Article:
Wednesday November 30, 2022


Sea levels are likely rising faster than previously thought, meaning low-lying coastal cities in the U.S. could flood far more regularly in the coming decades, a NASA study has revealed.

According to the study, which analyzed three decades of satellite observations, by 2050, sea levels along the coastlines of the contiguous U.S. could rise as much as 12 inches (30 centimeters) above current waterlines, the research team said in a statement. The Gulf Coast and Southeast are expected to be most severely impacted, and will likely experience increased storm and tidal flooding in the near future, according to the study, published Oct. 6 in the journal Communications Earth and Environment.

The findings support the “higher-range” scenarios laid out in February in the multi-agency Sea Level Rise Technical Report. The report suggested that “significant sea level rise” is liable to hit U.S. coasts within the next 30 years, predicting 10 to 14 inches (25 to 35 cm) of rise on average for the East Coast; 14 to 18 inches (35 to 45 cm) for the Gulf Coast; and 4 to 8 inches (10 to 20 cm) for the West Coast.”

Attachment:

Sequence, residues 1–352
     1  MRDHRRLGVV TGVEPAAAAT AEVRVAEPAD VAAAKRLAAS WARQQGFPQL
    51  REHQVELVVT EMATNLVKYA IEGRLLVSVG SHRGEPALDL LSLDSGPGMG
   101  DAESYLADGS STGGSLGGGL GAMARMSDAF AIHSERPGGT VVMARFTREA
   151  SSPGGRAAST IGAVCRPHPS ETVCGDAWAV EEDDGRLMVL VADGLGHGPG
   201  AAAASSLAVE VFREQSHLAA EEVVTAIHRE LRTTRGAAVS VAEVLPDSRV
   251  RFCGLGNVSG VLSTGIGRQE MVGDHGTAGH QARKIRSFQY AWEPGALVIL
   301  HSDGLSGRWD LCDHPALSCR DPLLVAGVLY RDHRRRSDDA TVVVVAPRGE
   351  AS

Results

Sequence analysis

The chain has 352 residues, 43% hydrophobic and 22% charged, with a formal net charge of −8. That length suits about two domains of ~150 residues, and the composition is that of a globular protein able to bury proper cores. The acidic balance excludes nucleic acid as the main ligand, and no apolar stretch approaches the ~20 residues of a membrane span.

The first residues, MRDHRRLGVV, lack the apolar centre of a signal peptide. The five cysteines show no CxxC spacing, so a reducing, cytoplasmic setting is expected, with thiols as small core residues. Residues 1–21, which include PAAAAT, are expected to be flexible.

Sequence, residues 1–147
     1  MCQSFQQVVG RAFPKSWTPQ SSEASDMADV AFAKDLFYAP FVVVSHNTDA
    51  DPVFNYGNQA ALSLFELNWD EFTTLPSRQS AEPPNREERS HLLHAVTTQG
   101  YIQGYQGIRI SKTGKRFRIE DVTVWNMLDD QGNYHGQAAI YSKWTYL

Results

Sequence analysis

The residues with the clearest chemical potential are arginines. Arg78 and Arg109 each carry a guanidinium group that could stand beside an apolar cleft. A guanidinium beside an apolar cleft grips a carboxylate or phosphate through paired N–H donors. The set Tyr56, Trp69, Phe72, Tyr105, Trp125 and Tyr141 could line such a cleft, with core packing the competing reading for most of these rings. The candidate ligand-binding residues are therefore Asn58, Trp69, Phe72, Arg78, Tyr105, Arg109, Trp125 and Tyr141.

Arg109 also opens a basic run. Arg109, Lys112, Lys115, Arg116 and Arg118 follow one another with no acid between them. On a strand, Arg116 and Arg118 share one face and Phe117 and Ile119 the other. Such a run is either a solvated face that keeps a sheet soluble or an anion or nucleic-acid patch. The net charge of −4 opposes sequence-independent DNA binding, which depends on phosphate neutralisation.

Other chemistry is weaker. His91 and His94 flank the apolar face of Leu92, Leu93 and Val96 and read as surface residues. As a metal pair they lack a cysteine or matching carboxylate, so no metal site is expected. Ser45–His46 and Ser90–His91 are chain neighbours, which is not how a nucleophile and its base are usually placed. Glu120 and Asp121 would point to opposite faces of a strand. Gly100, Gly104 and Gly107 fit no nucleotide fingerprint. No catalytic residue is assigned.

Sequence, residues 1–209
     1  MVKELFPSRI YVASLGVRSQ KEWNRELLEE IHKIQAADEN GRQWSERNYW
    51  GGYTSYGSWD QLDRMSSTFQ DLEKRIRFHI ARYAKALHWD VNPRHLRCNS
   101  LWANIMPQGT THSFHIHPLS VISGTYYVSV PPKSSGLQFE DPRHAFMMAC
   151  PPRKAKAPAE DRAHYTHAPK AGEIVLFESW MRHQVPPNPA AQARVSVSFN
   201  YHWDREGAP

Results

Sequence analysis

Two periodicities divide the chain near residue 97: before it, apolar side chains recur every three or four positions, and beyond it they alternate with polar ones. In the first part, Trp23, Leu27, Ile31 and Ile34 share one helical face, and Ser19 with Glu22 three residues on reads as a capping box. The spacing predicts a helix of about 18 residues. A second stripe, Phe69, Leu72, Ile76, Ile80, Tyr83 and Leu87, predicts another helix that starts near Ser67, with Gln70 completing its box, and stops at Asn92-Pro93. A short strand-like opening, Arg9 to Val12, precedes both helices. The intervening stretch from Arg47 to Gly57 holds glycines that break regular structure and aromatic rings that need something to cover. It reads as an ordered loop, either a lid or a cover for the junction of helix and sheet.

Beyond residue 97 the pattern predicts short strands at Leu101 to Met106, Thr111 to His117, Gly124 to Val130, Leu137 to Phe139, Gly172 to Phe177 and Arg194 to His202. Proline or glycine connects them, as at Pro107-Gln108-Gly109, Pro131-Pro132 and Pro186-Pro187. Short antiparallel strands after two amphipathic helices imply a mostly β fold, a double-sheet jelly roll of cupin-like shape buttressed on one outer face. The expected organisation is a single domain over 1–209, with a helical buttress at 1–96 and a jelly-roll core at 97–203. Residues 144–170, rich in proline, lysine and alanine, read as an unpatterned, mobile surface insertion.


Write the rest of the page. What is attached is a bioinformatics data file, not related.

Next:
NASA’s study built on methods used in the earlier multi-agency report, and was headed by a team of researchers and scientists based at the Jet Propulsion Lab in California, which is dedicated to both exploring the deepest recesses of space, and also using satellites to “advance understanding” of Earth.

Read more >

Link copied successfully